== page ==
Washing All the Colours of the Rainbow

For 64 years Israel has proudly displayed two colours on her flag: white and blue. They are the eternal colours of the State of Israel. The flag is instantly recognizable and holds a special place within the hearts of all Israelis and Jews because of the symbols that adorn it. The two blue stripes represent the talit in which Jewish men have, for millennia, wrapped themselves to bring them closer to God. The Star of David is the internationally recognized emblem of the Jewish people. It is a flag that all Israelis can proudly wave, but it seems that the world is intent on adding a few more colours.

Israel’s attitude towards homosexuals has always made me proud to be a citizen. Yes there are elements in Shas, UTJ or other political parties whose platforms on homosexuality, and other issues, are truly illiberal, but many Israelis generally have a very progressive view of homosexuality. The gay pride parade is an annual event that is never to be missed and Tel Aviv was recently declared the world’s best gay travel destination. This is something that the government was, rightly, incredibly proud of and made sure to highlight in various press statements and interviews. Most countries (Saudi Arabia and Iran as exceptions) would want to let the world know that it is a safe haven for gays and minorities.

Israel has often been accused of ‘pink washing’ by left wing groups such as Mondoweiss, Electronic Intifada or the Queers Against Israeli Apartheid. Essentially Israel is highlighting its liberal attitudes towards gays in order to wash away the crimes of the occupation. Having it end as quickly as possible is in Israel’s best interest. That being said just as a gay man is more than his sexual orientation or an African, Asian or Caucasian woman is more than the colour of her skin, so Israel is more than the occupation.

However according to my Twitter feed this morning, there’s a new word that I had not seen before: ‘green washing’. Yes, apparently Israel’s contribution to ridding the world of her addiction to oil is ALSO a part of our nefarious plan to distract the world from what’s happening in the West Bank and Gaza Strip (I often wonder how distracted the world can be when Israel is host to scores more journalists than any other conflicted region in the world and multiple NGOs routinely report on the most minor of actions by the IDF).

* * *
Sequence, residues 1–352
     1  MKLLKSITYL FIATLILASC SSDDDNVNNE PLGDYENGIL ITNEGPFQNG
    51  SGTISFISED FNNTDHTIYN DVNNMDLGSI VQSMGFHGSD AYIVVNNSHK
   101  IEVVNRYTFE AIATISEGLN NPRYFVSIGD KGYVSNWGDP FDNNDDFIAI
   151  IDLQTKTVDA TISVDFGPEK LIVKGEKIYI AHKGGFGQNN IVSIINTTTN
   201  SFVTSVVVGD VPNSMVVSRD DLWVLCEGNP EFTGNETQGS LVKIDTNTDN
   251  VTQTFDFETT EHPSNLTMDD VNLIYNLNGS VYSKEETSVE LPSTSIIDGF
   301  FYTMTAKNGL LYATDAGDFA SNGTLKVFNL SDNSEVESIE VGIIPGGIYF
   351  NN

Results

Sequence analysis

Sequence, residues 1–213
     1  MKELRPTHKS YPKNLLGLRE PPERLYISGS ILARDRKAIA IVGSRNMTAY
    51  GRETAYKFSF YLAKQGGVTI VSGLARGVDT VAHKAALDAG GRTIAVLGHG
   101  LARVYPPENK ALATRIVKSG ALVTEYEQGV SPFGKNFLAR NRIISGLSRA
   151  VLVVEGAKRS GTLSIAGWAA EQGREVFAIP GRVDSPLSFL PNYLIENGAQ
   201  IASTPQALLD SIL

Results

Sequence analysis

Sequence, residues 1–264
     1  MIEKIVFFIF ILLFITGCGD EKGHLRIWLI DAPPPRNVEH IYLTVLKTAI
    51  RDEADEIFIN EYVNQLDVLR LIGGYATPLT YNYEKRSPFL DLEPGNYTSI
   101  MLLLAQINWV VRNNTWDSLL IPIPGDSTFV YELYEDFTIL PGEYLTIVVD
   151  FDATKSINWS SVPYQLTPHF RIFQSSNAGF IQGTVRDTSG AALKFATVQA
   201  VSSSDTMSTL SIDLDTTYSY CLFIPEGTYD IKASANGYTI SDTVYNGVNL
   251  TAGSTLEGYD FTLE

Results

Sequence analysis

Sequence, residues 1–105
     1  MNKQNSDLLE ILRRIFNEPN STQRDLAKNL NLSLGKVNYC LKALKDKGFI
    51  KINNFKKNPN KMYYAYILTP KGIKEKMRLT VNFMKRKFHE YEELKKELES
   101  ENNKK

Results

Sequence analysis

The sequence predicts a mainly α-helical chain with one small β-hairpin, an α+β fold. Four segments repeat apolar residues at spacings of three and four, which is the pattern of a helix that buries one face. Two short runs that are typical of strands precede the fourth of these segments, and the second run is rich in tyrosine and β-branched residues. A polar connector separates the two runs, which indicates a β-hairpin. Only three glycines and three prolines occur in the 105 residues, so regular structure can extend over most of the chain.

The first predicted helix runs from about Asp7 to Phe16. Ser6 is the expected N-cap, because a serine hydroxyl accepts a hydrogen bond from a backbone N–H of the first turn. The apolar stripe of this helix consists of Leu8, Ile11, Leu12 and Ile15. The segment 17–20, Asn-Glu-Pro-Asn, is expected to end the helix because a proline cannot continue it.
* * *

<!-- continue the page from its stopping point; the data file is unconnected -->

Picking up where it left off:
Apparently Israel can’t help saving the world without it being used as a smokescreen to make life more difficult for the Palestinians. One of the many facts we can be proud of, is that Israel was the only country in the world to end the recent century with more trees than it started. Considering all the effort that Israel puts into ‘greenwashing’ it seems that we can now label these as ‘Zionist, imperialist, colonialist trees’.

Ali Abunimah, editor of the anti-Zionist blog ‘electronic intifada’ notes that Better Place, one of the few companies in the world that is actually making the dream of a world without gas guzzling cars a possibility, has charging stations in the West Bank. What Abunimah fails to understand is that Better Place is doing more for peace in the Middle East than he has ever done. Better Place recently hosted a number of Palestinian engineers and IT workers and it is these trips which help foster understanding that will eventually lead to a peaceful resolution of this conflict. However Abunimah doesn’t stop there. He also talks about the fact that there is a large amount of sewage affecting areas of the West Bank and Gaza Strip. What Abunimah forgets, or simply omits due to his own bias, is that Palestinians have, for years, been digging up their own sewage pipes in order to make rockets to fire at Israel. Apparently conflict is more important than hygiene.

But how far can we go when it comes to washing ourselves of the occupation? How many more colours can we include with our liberal attitude towards various minorities?

Israel can be accused of all manner of colour washing; such is the fact of life when the country you live in is a democracy. Is Israel perfect? No. Absolutely not. But should Israel be lambasted for contributing to the betterment of mankind? For being a haven for Palestinian gays? For sending medical teams to natural disasters in Haiti, Turkey and Japan? No. It shouldn’t. Last week the head of the IOC noted in his speech to the opening ceremony that Saudi Arabia had finally allowed women to compete and that this was ‘a major boost for gender equality’. Yes it is. But that does not mean that Saudi Arabia is now a haven for liberalism and you would be a fool if you thought so. Israel is so much more than the occupation, and failing to see that makes people who view the conflict in such a prism as narrow minded and nothing more than extremists.

About the Author
Raffe Gold spent two years living in Israel. He is now taking a short sabbatical from Aliyah to soak up the Australian sun.